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Modern taxes on banknotes aren't consciously designed as financial privacy taxes. By that I mean, it's not like central bankers have sat down at a conference table and thought long and hard about the costs and benefits of anonymity only to settle on the most appropriate level for the tax. Rather, the size of the tax has been arrived at by accident. Historically, central bankers have simply assumed that it was technologically impossible for banknotes to yield anything other than 0%. (Fully adjustable interest rates on notes, both positive and negative, are actually quite easy to implement, as I'll show). Which means by default, the privacy tax has always been at least as large as the foregone overnight interest rate.

The overnight rate is in turn a function of an entirely different thought process: monetary policy. Central bankers ratchet the overnight rate up or down in order to to hit their chosen inflation target. The problem with this setup is that two separate decisions have been jumbled together. The level at which the central bank sets its financial privacy tax has become the ill-conceived byproduct of its chosen macroeconomic policy.

Here's an example of this muddle. If the Bank of Canada decides to tighten monetary policy tomorrow by increasing its interest rate from 1.25% to 1.5%, it has simultaneously made an entirely separate decision to increase the privacy tax on banknotes by 0.25%. But whereas the monetary policy decision is guided by plenty of data and number crunching, the increase in the privacy tax is purely arbitrary—no thinking has gone into justifying an increase. It's a fait accompli.

Or think about it from another angle. Say that the Bank of Canada has determined that it is appropriate to increase the financial privacy tax by 0.25%. Using its current toolkit, the only way it can accomplish this is by increasing the overnight rate by 0.25%. But this tightening of monetary policy could potentially send the entire economy into a tailspin, all for the sake of satisfying an entirely different policy goal, that of setting the appropriate tax on privacy.

There's no reason that the two decisions can't be split up. The tool that would allow central bankers to do this is the ability to pay positive and negative interest rates on banknotes. I talked about note serial number lotteries as one way to pay positive interest here. Later on in this post I'll discuss a way to pay negative interest. To see how these tools could successfully split the monetary policy decision from the privacy tax decision, let's return to our previous example. If the Bank of Canada were to increase the overnight rate for monetary policy purposes from 1.25% to 1.5%, but it did not want to alter the financial privacy tax, it could simultaneously increase the interest rate on banknotes from 0% to 0.25%. The original 1.25% privacy tax stays intact. While the owner of a banknote is now forgoing the 1.5% overnight rate, he or she is also collecting 0.25% in interest.  

Conversely, these tools would allow the privacy tax to be increased or lowered without requiring a potentially damaging change in monetary policy. Using our example, to increase the privacy tax from 1.25% to 1.5% per year while keeping monetary policy constant, for instance, the Bank of Canada would move the interest rate on banknotes from 0% to -0.25% while keeping the overnight rate at 1.25%. So a banknote owner is now taxed 1.5% per year, of which 1.25% is due to the forgone overnight rate while the other bit is the 0.25% negative interest rate. This has been accomplished without any tightening or loosening of monetary policy.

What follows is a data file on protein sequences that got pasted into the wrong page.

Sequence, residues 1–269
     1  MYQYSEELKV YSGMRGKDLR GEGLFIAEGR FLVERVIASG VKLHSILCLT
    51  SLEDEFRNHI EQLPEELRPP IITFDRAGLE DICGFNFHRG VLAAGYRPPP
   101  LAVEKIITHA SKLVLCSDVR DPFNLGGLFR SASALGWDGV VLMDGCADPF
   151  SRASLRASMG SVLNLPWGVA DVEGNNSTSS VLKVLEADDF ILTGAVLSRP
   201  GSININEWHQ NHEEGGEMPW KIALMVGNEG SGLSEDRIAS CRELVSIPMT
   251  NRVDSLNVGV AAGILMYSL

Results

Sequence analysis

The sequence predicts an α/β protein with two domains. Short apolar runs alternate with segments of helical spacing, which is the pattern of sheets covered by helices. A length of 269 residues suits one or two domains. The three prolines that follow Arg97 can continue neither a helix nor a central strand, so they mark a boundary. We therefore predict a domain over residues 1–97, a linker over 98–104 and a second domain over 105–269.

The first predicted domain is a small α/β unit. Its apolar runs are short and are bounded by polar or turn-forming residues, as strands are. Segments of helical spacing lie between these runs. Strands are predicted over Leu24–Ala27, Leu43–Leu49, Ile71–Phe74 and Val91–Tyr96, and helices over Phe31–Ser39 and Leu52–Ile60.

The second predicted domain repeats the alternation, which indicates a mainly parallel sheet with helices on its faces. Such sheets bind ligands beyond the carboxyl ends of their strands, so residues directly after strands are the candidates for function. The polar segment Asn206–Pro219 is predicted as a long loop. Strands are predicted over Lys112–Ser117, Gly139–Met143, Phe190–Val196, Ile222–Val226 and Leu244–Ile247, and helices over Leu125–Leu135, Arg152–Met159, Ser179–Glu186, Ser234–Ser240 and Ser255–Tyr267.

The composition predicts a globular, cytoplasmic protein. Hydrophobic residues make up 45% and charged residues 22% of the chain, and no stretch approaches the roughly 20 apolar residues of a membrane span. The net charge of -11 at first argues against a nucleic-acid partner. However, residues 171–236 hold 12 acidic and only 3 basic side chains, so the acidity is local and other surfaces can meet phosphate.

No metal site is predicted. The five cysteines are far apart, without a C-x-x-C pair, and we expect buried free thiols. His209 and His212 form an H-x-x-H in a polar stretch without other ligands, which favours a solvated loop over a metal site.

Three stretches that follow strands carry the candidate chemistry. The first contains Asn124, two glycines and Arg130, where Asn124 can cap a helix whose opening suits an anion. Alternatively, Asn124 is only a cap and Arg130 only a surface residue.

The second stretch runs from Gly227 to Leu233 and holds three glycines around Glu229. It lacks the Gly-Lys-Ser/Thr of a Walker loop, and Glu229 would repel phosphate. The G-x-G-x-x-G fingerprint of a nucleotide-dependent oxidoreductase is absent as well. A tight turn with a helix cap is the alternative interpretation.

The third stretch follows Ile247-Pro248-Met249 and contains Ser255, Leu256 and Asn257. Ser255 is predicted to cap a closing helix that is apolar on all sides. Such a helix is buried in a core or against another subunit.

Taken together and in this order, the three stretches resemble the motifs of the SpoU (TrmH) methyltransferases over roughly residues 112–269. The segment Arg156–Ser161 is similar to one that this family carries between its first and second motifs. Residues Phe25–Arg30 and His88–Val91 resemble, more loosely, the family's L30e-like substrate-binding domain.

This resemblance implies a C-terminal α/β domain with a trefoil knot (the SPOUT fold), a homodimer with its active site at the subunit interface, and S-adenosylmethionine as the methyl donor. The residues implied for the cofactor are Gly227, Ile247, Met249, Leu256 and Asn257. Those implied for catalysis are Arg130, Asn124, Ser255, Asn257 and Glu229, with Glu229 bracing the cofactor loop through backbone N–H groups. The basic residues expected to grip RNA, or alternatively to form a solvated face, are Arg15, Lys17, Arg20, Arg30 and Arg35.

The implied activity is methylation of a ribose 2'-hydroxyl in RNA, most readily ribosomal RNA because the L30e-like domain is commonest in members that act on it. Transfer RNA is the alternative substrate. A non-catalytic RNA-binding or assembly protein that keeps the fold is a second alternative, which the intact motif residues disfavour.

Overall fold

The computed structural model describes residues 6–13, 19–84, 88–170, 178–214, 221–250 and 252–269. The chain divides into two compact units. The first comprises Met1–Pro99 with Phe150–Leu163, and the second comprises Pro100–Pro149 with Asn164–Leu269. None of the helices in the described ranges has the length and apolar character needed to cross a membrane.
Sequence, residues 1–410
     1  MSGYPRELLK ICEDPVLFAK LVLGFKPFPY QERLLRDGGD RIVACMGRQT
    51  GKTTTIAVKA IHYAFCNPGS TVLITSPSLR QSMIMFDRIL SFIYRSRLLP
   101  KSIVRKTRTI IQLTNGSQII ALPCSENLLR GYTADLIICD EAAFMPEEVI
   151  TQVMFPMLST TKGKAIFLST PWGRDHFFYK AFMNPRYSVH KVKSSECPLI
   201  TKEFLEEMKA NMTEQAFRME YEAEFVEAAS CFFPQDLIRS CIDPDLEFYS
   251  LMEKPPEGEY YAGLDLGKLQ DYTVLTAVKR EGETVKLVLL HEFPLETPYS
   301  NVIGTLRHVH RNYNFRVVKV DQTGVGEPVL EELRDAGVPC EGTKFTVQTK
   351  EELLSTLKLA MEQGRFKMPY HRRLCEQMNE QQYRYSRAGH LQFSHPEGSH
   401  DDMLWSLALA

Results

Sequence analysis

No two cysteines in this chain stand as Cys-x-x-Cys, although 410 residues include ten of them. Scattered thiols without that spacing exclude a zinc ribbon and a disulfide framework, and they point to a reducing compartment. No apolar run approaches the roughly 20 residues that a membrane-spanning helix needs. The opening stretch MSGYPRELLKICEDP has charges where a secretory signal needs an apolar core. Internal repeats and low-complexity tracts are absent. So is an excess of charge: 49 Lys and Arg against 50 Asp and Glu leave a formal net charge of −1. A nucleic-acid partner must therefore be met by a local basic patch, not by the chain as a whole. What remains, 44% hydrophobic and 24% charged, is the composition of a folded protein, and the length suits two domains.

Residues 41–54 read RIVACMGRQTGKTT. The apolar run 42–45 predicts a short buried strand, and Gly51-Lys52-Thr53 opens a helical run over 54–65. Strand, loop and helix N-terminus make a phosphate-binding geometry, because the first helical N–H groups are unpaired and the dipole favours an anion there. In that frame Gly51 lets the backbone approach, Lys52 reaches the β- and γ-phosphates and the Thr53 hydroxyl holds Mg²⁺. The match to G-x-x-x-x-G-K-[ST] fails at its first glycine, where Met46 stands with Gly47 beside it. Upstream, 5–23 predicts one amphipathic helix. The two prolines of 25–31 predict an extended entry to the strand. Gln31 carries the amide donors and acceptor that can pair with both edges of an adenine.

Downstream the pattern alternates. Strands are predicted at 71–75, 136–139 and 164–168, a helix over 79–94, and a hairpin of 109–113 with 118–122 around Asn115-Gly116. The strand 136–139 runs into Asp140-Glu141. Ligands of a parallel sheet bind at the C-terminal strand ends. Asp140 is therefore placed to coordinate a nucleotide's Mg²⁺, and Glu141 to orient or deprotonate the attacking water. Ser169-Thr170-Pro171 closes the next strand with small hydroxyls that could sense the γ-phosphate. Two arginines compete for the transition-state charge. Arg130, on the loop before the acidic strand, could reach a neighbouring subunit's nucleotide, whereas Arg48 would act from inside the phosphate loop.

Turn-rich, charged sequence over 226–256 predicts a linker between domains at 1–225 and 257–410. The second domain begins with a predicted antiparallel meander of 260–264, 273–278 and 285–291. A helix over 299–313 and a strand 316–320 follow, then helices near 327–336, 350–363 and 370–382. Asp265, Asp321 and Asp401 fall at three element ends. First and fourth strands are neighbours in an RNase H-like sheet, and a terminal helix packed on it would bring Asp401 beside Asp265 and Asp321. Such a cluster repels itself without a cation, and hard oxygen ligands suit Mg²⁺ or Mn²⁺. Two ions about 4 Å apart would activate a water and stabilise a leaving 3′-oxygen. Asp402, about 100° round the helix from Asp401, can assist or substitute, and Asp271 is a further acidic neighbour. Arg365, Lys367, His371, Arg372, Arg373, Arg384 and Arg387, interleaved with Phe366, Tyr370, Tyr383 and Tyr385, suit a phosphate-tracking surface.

So there you go, the monetary policy decision has been split from the privacy tax decision. The advantage of having the ability to split up these two thought processes is that it is now possible to think long and hard about what the proper privacy tax rate should be.

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One question we might ask is if the current financial privacy tax on banknotes is sufficiently high. Remember, the problem we are trying to solve is that a small group of citizens are not paying their fair share of income taxes by taking advantage of the untraceability of banknotes. The 1.25%/year financial privacy tax on banknotes that is currently being imposed by the Bank of Canada may not be enough to recoup the damage that this untraceability is doing to everyone else. Maybe we need a 2% tax on banknotes, or 5%, or 10%.

Say we increased the Canadian financial privacy tax rate from 1.25% to 5%. (For now let's not be too concerned about how the tax gets levied. I'll get into that later). One unfortunate side effect is that licit users of banknotes—the unbanked and those who want financial alone time for reasons other than evading taxes and crime—would be caught up in a tax net that is intended for illicit users. This doesn't seem very fair. Might there be a finer sorting mechanism that allow us to tax crooks while letting non-crooks through?

In his controversial book on banning high-denomination notes, Ken Rogoff has proposed exactly this sort of fine sorting mechanism. Based on the assumption that criminal usage of bills is largely confined to high-denomination note, he proposes that only $100s, $50s, and maybe $20 bills be banned. We are interested in a tax in this post, of course, not a ban. But if Rogoff's assumption about criminal usage is right, then a graduated tax on banknotes might be a better option than a flat tax, with higher denominations facing a more aggressive levy than low denomination notes.

All central banks currently tax the full range of banknote denominations at the same rate. In Canada's case, the 1.25% tax rate that is currently applied to a C$1000 bill (yes, we have them in Canada, see top) comes out to the same amount incurred by one hundred $10 bills: $12.50 per year. But a $1000 note is far better for evading taxes because it contains more anonymity services per gram than a $10 note. After all, a bag full of tens is bulky and visible, an envelope with a few $1000 bills isn't.